There are few things in life that can bring people together like a good dish of gelato. Though we might disagree when it comes to politics, which hotels have the best concierge service, or whether Lisbon is a ‘must see’ destination, I am pretty sure most everyone on this travel forum shares a common passion for gelato. From melon to licorice, pistachio to toasted black sesame, there are so many wonderful and gastronomically stimulating flavor combinations that the sheer variety alone would make even Baskin Robbins blush. Let’s be honest; 31 flavors is for amateurs.
From a simple after dinner treat to a memorable, gastronomically unique experience, gelato isn’t so much crossing over culinary boundaries, as bulldozing right through them.
I have often asked myself why gelato is so different from the regular ice cream we have grown to love. Why is it that once you’ve had a scoop of real gelato, ice cream just doesn't cut it?
After looking in to the matter, here is a list of the differences I have found between ice cream and gelato:
Let’s face it, for some reason gelato just tastes better in Italy and France, than anywhere else in the world. I strongly believe that the hundreds of years of experience, and the generations upon generations who have perfected their family recipes have allot to do with why gelato just tastes better in Europe.
It was surprising to discover that they have been churning out this frozen treat since 1565 in its original form, and this, along with the Mediterranean climate which provides some of the best fruit in the world, are huge factors that weigh in on the final flavor profile.
Fat content and its effects on flavor is another reason gelato is handily winning the race when it comes to preferred frozen treats.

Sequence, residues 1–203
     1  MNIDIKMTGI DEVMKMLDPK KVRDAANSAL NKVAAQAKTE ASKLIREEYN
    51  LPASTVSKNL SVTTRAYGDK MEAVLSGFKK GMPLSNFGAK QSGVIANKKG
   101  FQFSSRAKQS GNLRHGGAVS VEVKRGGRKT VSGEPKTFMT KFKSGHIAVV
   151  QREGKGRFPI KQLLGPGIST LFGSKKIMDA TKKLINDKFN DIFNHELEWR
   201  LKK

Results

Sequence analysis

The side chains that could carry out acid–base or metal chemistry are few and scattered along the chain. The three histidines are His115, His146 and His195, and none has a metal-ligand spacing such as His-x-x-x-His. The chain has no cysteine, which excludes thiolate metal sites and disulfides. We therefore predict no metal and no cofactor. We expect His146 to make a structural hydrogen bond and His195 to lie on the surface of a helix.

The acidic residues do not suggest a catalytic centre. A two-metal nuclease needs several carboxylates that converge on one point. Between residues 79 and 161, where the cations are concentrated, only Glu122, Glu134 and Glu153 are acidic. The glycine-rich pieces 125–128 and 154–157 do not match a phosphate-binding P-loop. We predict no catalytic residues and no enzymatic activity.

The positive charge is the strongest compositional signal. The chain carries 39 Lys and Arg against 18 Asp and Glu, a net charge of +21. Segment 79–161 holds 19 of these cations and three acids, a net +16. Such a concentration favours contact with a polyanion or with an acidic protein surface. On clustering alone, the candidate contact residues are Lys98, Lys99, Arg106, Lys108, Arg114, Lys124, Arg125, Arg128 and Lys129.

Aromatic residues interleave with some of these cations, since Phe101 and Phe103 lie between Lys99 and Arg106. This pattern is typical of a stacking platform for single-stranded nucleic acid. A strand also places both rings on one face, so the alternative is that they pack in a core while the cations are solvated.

Gelato has a greater proportion of whole milk to cream, bringing total fat content to 6-7%, while ice cream regularly carries a minimum of 10% fat. Since there isn’t as much fat content in gelato, it doesn’t coat the mouth in the same way ice cream does. Less coating means more flavor receptors, and more flavor receptors means a more intense flavor.
Gelato is also churned at a slower speed than ice cream, so it's denser because not as much air is whipped into the mixture. Gelato contains about 25 to 30 percent air, while ice cream can contain as much as 50 percent air.
Finally, while ice cream is typically served frozen, gelato is typically stored and served at a slightly warmer temperature, so it's not quite completely frozen.
Although I will freely admit I am a gelato snob, there comes a time when talking about it just won’t do anymore. With that in mind, my question is this:
Where did you have the best gelato during your travels?
The following is my list:
Giolitti - Rome, Italy - since 1900 - GIOLITTI - Via Uffici del Vicario, 40
Grom - Italy - multiple locations - www.grom.it
Gelateria di Piazza - San Gimignano - GELATERIA DI PIAZZA San Gimignano | Un gelato da campioni del mondo - Piazza della Cisterna, 4
Angelato - Prague, Czech Republic - Angelato – More Than Ice Cream - Rytířská 27
Dolcezza - Washinton D.C. - multiple locations - dolcezza | artisanal gelato
Papalani Gelato - Kauai - Best Italian Gelato Chocolates Shop Kauai Hawaii | Papalani Gelato - Poipu Shopping Village